4

If there is a way to do this typical task without using aliases, I'm all for it.

I want all requests at the /minesweeper/* URL to be pulled from a completely different directory than other requests. The following configuration WORKS, files are served, but the MIME-type is application/octet-stream instead of what it should be (i.e. text/css). With the incorrect MIME type, it is impossible for web browsers to render the CSS styles in the document.

nginx.conf:
http {
    index index.html
    include       /etc/nginx/mime.types;
    default_type  application/octet-stream;
    ...
}

virtual.conf:
server {
    listen       *:80;
    server_name  djmp.org www.djmp.org;
    root   /home/devsites/djmp.org/public_html/;
    index  index.html;


    location ~ ^/minesweeper($|/.*) {
        alias /home/michael/sites/minesweeper$1;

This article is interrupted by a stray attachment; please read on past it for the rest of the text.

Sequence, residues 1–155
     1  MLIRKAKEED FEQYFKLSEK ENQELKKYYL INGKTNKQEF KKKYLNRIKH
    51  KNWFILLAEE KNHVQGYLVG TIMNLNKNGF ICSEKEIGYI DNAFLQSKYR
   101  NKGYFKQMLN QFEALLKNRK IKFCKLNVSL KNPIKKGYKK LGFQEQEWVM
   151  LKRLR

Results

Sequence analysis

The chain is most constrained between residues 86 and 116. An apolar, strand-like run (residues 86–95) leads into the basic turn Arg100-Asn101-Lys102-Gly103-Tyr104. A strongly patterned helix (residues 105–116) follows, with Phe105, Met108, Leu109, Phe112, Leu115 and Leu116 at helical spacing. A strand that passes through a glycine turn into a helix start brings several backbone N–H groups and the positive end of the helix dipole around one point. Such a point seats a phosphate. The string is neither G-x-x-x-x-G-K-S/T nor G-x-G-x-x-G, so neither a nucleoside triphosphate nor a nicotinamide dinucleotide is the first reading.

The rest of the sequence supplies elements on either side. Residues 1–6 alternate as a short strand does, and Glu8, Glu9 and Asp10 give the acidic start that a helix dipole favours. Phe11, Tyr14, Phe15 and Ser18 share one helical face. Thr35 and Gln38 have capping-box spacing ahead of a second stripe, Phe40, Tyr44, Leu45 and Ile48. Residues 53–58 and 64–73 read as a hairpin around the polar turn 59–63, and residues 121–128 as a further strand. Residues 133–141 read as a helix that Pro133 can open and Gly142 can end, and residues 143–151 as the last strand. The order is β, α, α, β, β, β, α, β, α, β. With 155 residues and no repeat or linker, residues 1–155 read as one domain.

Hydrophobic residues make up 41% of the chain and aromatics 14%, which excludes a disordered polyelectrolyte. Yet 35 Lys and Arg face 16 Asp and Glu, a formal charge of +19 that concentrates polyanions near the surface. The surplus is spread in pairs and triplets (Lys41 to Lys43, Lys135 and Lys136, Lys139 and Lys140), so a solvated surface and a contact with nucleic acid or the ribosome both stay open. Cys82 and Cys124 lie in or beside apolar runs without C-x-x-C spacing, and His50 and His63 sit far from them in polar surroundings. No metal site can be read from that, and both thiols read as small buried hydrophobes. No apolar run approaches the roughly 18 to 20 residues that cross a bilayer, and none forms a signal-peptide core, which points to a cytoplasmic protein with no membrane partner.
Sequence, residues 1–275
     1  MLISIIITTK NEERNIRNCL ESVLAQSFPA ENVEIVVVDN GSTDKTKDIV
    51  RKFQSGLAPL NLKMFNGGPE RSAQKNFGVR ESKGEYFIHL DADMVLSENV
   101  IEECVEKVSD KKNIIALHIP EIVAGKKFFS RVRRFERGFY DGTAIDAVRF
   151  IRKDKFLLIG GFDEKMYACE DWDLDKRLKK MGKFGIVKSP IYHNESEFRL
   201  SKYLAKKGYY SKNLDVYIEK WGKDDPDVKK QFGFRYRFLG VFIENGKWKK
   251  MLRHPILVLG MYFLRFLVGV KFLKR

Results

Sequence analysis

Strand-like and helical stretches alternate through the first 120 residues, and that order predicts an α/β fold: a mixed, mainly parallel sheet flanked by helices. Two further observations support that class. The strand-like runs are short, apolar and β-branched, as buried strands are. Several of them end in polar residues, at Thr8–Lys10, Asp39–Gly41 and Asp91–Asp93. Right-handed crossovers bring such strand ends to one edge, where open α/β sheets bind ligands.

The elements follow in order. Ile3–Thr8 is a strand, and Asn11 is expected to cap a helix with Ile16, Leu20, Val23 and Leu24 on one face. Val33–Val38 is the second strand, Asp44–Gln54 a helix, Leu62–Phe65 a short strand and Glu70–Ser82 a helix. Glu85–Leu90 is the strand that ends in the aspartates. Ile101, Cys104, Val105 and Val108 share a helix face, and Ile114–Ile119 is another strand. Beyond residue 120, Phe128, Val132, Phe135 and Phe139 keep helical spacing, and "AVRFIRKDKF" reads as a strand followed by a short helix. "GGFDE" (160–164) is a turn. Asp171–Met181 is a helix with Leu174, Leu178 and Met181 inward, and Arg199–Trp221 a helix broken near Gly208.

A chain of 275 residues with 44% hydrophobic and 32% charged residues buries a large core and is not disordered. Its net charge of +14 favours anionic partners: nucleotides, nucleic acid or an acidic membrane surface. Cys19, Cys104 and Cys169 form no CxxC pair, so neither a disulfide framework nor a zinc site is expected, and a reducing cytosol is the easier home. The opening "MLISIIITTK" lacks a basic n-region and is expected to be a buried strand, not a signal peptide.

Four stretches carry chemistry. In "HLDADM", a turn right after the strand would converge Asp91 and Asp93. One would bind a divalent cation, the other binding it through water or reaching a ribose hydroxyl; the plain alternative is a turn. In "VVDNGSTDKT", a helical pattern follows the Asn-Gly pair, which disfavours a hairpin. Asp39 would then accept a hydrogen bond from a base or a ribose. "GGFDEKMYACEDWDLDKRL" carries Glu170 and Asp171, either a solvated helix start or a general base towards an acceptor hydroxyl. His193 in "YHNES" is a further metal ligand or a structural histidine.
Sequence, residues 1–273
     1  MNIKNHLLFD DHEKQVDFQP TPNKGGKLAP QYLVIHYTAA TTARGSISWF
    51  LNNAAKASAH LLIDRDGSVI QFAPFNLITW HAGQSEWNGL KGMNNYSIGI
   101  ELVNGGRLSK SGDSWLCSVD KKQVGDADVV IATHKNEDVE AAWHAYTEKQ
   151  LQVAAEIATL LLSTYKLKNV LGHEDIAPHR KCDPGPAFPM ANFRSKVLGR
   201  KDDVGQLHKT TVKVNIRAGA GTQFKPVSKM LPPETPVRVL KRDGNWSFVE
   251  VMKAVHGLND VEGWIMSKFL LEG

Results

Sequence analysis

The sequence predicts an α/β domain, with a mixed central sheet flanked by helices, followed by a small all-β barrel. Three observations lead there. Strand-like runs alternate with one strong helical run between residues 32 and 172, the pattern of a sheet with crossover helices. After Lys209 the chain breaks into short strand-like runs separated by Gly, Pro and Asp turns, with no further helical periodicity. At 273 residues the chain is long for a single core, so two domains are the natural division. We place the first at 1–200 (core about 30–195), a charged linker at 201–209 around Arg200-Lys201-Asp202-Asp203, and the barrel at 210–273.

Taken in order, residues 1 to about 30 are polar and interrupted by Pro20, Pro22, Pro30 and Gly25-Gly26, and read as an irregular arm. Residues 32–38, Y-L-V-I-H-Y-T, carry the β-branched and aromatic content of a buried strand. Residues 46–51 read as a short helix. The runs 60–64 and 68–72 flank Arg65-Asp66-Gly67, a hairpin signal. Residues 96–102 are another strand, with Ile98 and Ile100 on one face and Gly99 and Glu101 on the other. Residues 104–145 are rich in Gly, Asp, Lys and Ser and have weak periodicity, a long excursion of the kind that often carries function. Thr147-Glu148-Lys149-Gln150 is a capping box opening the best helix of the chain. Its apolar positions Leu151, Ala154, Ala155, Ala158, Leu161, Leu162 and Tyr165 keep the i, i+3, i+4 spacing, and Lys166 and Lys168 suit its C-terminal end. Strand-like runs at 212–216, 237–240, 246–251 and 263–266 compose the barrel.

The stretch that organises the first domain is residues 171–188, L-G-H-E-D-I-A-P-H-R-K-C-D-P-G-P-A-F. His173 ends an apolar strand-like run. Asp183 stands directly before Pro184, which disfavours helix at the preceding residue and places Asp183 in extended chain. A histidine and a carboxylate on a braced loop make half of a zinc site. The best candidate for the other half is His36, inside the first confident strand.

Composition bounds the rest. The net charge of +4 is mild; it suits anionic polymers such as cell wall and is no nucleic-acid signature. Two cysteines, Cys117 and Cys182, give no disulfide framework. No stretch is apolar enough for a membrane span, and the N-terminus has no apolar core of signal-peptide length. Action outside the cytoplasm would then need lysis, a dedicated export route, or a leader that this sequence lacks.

}
}

2 Answers 2

1

I fixed the problem by NOT using an alias. ALSO I had to DELETE the cache in Chrome or else it wasn't actually getting the new MIME types! I checked in Firefox and it worked.

server {
    listen       *:80;
    server_name  djmp.org www.djmp.org;
    root   /home/devsites/djmp.org/public_html/;
    index  index.html;
    include       /etc/nginx/mime.types;

    location /minesweeper {
            root   /home/michael/sites/;  # choose the parent directory here
            index  index.html index.htm;
    }

}
1
  • Deleting Chrome cache was the way to go..
    – cjones26
    Jun 8 at 15:45
1

Using an alias would be fine, but you don't need that regex crap on it.

location /minesweeper/ {
    alias /home/michael/sites/minesweeper/;
}

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